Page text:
MathOverflow is a question and answer site for professional mathematicians. Join them; it only takes a minute:

Sign up
Here's how it works:
  1. Anybody can ask a question
  2. Anybody can answer
  3. The best answers are voted up and rise to the top

Given a $G$-homogeneous space $M$, for $G$ a (Lie) group, we have a canonical $G$-action on the tangent bundle $T(M)$ of $M$. If $M$ is a complex manifold, then we have a decomposition of $T(M) \otimes_{R} C$ into $T^{(1,0)}(M)$ and $T^{(0,1))}(M)$. If this decomposition is equivariant with respect to the $G$-action, then we say that we have an equivariant complex structure. As far as I can see, the set of all equivariant decompositions of $T(M) \otimes_{R} C$ into two ismorphic parts, corresponds to set of all possible equivariant almost-complex structures for $M$.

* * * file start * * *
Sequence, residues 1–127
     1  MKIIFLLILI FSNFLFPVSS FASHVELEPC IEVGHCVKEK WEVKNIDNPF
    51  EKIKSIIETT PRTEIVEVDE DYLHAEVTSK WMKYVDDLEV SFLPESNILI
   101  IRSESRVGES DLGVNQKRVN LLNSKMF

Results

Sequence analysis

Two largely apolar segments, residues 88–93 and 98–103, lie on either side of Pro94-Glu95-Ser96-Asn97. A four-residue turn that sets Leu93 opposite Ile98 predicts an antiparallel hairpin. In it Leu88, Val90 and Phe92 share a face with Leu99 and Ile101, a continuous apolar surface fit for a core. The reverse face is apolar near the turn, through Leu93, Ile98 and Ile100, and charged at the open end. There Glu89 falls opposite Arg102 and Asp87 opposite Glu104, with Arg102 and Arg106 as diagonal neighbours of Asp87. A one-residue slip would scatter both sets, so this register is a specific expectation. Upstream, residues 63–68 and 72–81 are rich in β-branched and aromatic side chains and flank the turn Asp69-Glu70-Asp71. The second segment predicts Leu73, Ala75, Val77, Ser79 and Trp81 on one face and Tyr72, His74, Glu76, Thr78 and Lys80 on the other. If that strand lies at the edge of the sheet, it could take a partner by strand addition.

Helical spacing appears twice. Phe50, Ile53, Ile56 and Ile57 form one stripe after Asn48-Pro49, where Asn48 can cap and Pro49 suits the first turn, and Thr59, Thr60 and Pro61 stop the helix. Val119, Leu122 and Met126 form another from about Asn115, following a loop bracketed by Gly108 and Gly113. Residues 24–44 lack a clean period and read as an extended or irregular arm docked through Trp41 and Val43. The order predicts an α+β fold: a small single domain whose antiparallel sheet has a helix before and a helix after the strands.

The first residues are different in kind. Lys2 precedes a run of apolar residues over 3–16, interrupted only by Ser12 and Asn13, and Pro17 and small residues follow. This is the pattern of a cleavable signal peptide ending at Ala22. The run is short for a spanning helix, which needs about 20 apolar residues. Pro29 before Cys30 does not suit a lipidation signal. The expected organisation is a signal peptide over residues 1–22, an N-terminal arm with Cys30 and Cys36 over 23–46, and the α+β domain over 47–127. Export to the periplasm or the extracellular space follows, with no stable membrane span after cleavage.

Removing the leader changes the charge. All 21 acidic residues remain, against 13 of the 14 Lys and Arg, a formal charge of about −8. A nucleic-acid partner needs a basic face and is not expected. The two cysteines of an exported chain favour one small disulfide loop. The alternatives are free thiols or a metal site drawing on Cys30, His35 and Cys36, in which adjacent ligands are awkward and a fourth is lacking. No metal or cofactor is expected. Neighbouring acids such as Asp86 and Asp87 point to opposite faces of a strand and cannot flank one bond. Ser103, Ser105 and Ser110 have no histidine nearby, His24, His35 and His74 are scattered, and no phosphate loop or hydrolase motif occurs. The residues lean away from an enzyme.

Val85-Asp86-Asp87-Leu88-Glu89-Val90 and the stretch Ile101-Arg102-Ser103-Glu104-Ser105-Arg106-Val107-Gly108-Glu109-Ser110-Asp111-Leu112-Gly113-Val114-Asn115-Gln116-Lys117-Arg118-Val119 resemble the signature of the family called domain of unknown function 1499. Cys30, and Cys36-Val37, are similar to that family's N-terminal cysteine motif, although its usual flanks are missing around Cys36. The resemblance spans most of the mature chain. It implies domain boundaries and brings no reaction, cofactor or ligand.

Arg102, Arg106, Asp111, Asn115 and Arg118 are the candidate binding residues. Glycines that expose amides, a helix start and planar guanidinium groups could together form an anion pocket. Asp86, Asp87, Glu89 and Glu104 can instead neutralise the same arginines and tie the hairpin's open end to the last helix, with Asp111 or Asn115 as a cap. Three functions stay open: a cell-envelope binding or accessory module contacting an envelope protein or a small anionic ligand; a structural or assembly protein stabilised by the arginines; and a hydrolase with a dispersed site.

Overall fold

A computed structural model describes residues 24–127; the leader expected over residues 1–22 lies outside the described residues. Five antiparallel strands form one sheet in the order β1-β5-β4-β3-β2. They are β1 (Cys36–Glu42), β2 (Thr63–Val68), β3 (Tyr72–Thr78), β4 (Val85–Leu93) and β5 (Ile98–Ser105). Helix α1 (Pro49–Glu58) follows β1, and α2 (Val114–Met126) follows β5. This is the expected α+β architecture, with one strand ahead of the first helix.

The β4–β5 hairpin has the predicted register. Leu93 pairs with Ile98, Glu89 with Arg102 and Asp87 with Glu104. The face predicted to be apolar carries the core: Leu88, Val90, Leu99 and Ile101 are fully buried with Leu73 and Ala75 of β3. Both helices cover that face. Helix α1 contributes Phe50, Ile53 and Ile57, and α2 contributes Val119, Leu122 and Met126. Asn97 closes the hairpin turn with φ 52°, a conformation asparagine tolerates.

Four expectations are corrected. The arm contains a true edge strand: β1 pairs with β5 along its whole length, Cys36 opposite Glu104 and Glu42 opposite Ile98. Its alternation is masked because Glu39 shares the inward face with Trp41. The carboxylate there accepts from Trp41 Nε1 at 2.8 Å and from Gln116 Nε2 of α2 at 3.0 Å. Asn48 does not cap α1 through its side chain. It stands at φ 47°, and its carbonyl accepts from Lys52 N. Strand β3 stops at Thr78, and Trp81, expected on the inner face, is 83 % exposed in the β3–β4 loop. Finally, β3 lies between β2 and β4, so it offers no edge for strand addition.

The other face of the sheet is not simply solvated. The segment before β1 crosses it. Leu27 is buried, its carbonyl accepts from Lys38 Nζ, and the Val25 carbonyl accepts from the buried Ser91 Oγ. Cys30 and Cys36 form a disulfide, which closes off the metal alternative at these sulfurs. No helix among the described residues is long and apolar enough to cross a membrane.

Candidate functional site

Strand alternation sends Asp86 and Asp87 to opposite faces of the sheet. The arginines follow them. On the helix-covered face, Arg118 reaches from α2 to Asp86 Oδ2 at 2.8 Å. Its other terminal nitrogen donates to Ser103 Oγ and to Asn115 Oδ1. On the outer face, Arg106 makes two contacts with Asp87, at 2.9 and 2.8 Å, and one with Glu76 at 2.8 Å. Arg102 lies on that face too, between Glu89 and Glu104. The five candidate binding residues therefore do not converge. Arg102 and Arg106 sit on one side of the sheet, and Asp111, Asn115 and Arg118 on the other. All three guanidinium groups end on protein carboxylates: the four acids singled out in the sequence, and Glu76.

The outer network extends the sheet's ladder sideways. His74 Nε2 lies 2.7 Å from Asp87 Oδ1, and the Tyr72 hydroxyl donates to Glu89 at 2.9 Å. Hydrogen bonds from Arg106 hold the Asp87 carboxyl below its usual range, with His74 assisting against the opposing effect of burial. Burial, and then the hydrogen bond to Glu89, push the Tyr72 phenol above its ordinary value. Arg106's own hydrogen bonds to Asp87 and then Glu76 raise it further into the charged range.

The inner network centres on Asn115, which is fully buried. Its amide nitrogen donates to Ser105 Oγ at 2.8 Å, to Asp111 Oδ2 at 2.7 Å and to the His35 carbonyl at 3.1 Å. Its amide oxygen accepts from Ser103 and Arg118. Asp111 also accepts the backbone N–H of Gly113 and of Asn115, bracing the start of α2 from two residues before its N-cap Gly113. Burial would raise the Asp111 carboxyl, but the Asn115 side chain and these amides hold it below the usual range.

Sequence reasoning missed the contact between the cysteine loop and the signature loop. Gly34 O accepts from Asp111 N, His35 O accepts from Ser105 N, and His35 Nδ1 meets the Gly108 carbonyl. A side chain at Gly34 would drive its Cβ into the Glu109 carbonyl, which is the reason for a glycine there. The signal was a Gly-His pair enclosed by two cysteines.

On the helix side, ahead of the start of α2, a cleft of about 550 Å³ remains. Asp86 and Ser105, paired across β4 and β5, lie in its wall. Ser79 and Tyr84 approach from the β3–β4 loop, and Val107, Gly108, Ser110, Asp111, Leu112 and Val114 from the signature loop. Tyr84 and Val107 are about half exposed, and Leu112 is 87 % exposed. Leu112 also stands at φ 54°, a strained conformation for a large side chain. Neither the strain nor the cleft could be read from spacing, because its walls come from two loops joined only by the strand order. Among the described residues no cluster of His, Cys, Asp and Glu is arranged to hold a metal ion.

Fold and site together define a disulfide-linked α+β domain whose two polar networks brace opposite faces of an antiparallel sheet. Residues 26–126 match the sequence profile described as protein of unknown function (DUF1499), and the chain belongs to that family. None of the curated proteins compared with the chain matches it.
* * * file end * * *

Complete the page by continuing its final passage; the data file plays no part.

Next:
More generally though, what can we say about the relationship between equivariant decompositions of $T(M)$ (ot $T(M) \otimes_{R} C$) and the structure of $M$. When do they exist? Does the number of components in an irreducible equivariant decomposition of $T(M)$ have any geometric meaning?

share|cite|improve this question
You probably mean to say "...decomposition of $T(M)\otimes_{\mathbb{R}} \mathbb{C}$ into..." – Johan Mar 23 '12 at 19:17
Yes, I do. I spend most of my time in the complex world and sometimes forget the uncomplexified tangent bundle even exists. – Jean Delinez Mar 23 '12 at 19:30

Your Answer


By posting your answer, you agree to the privacy policy and terms of service.

Browse other questions tagged or ask your own question.